For more than 100 years, aspirin has been soothing aches and preventing heart attacks. Woot! But this common, over-the-counter medication can make things happen all over your house, too!
Here are 11 ways you can use aspirin that don’t involve swallowing the pill:
Tip: Most of these tips involved crushing up an uncoated aspirin. An easy way to do this is by folding them into a napkin and crushing them with the back of a metal spoon.
If your food doesn’t seem to be cooking evenly, you can check a stovetop’s heating patterns by sprinkling a crushed aspirin onto the pan. Just sprinkle and heat. As the pan heats, the aspirin will turn from white to brown in color. Keep an eye on it! You’ll be able to see if the pan is cooking evenly and which spots heat up first.
Prolong the life of cut flowers by dropping a tablet or two of aspirin into the vase. The properties in aspirin will slow the growth of mold and prevent the flowers from drying out, which makes them live longer.
Dandruff isn’t a good look on anybody. While there are plenty of shampoos specifically designed to prevent dandruff, this home remedy works well, too, and can save you a trip to the drug store.
Pour about a capful of shampoo into a bowl. Then crush up two to three uncoated aspirin and add them to the bowl. Massage the shampoo into your scalp and let it sit for two full minutes before rinsing it away. The salicylic acid will help get rid of those white flakes.
After a day of yard work, grass stains happen. And sometimes a quick wash doesn’t remove them.
Get rid of stubborn grass stains on your skin with a mixture of crushed aspirin and water. Crush two to three uncoated aspirin tablets and slowly add water until the mixture forms a paste. Wipe the paste on the dyed skin and let it sit for about 15 minutes before washing it away with soap and water. Tip: This trick works for nicotine stains, too.
Aspirin functions like healthy steroids for plants — it increases root growth rates, activates natural defenses and prevents the formation of fungus. If you have some indoor or outdoor plants that are visibly ailing in the summer heat, watering them with an aspirin-infused cocktail could help turn things around. For best results, mix three crushed-up aspirin tablets with four gallons of water, and apply to your plants every three weeks.
Warts tend to be a recurring pain in the you-know-what. If you can’t seem to find a solution that sticks, using an aspirin is a popular home remedy. Here’s how it works:
Moisten an aspirin tablet and then place it directly on the wart, securing it with a Band-Aid or masking tape (it can take some practice to moisten it just enough without having it break). Change the tablet a few times a day, but try to keep the contact constant for two to three days. After that period, the wart should turn black and fall off.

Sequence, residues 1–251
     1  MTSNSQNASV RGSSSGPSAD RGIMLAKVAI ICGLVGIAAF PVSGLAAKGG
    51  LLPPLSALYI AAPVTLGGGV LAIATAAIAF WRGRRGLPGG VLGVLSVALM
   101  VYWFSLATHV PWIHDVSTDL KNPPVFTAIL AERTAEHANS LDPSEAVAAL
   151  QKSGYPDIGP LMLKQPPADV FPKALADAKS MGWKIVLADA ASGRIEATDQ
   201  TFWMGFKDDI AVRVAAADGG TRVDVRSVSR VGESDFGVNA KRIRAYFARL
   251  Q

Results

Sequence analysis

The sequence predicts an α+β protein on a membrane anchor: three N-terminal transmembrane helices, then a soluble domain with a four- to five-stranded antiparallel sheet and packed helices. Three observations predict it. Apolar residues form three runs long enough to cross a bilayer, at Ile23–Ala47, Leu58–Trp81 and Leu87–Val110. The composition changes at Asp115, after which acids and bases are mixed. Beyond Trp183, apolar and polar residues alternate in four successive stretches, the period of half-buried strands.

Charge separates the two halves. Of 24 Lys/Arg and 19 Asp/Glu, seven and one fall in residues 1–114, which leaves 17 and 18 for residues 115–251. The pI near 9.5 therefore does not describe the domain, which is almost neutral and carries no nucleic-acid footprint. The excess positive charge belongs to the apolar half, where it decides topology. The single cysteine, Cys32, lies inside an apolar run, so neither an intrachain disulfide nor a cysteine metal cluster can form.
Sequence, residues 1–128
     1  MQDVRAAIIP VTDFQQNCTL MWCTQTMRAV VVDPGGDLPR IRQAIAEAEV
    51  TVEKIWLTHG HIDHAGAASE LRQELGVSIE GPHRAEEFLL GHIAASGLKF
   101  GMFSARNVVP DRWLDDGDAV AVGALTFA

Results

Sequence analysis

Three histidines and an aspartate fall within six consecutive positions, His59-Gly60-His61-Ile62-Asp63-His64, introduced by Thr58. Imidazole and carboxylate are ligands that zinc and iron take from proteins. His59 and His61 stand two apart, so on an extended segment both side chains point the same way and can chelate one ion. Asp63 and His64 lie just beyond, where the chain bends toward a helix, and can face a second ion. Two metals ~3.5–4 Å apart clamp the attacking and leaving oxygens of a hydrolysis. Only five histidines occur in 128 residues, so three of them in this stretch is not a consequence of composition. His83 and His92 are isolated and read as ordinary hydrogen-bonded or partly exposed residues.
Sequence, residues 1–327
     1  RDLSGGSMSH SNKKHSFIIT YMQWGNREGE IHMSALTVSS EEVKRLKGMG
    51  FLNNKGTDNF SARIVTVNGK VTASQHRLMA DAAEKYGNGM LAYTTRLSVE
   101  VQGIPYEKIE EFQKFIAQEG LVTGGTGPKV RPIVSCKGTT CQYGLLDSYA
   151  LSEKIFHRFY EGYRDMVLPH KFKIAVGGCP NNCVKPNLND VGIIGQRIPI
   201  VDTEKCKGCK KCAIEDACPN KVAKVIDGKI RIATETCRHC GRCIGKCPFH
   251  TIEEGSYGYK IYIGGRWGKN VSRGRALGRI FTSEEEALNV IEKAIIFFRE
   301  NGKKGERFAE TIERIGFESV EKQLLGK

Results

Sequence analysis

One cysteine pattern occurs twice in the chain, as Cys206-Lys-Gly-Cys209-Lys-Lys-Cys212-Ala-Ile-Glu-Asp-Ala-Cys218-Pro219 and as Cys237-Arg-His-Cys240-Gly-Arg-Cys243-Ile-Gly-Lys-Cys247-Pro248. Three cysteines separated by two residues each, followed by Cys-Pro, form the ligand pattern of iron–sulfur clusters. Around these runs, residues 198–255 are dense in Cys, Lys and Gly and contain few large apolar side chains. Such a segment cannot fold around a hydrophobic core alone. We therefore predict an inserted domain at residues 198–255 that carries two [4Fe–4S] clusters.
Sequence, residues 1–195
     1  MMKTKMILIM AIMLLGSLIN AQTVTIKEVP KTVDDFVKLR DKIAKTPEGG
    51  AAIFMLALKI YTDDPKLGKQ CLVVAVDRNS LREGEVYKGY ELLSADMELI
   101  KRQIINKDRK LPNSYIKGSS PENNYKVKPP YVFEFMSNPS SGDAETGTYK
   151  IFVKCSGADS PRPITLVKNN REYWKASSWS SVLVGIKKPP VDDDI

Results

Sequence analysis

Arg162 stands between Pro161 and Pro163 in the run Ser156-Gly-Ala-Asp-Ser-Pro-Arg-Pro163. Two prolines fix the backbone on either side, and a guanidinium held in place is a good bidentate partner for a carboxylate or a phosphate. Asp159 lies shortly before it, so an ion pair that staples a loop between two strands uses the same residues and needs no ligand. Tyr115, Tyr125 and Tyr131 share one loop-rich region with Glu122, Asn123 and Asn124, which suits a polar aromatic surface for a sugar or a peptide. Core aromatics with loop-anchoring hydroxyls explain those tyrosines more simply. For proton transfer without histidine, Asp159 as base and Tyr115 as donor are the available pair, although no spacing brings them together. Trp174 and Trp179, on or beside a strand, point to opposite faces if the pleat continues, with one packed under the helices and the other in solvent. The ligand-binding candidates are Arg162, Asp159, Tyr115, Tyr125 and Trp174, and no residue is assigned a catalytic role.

The salicylic acid in aspirin helps neutralize stains on white clothes by attacking the compounds found in sweat that cause the discoloration. If you want to keep your whites looking brighter in general, try dropping one aspirin tablet into every load of whites.
If your whites are already pretty tarnished, add five crushed aspirin tablets to about two gallons of water and soak your clothes in the mixture for eight hours, keeping them submerged the entire time.
If you’re just trying to target armpit stains, try a modified version of tip #7: Mix three crushed aspirin tablets and half a cup of warm water in a sink or large bowl. Submerge the armpit area of the shirt and let it sit for two to four hours. Then wash the item in a normal, hot cycle.
Crush a handful of uncoated aspirin tablets into dust, and then add water until the mixture forms a paste. Coat the bathtub ring with the paste and let the salicylic acid do its thing. After an hour or so, rinse the paste away.
If you have small rust spots on tables or iron furniture, make a paste of crushed uncoated aspirin and water. Let the mixture sit on the rust spot for about 10 minutes, and then wipe it away.
We put this one last because it’s a bit controversial. Many people swear by occasionally dropping an aspirin into the stand, along with water. However, a lot of experts say this doesn’t make a different for most Christmas trees, and can actually increase needle loss.
Have you tried this trick before? Let us know in the comments!
Note: We recommend skipping this tip if you have pets that may try to drink from the tree stand.
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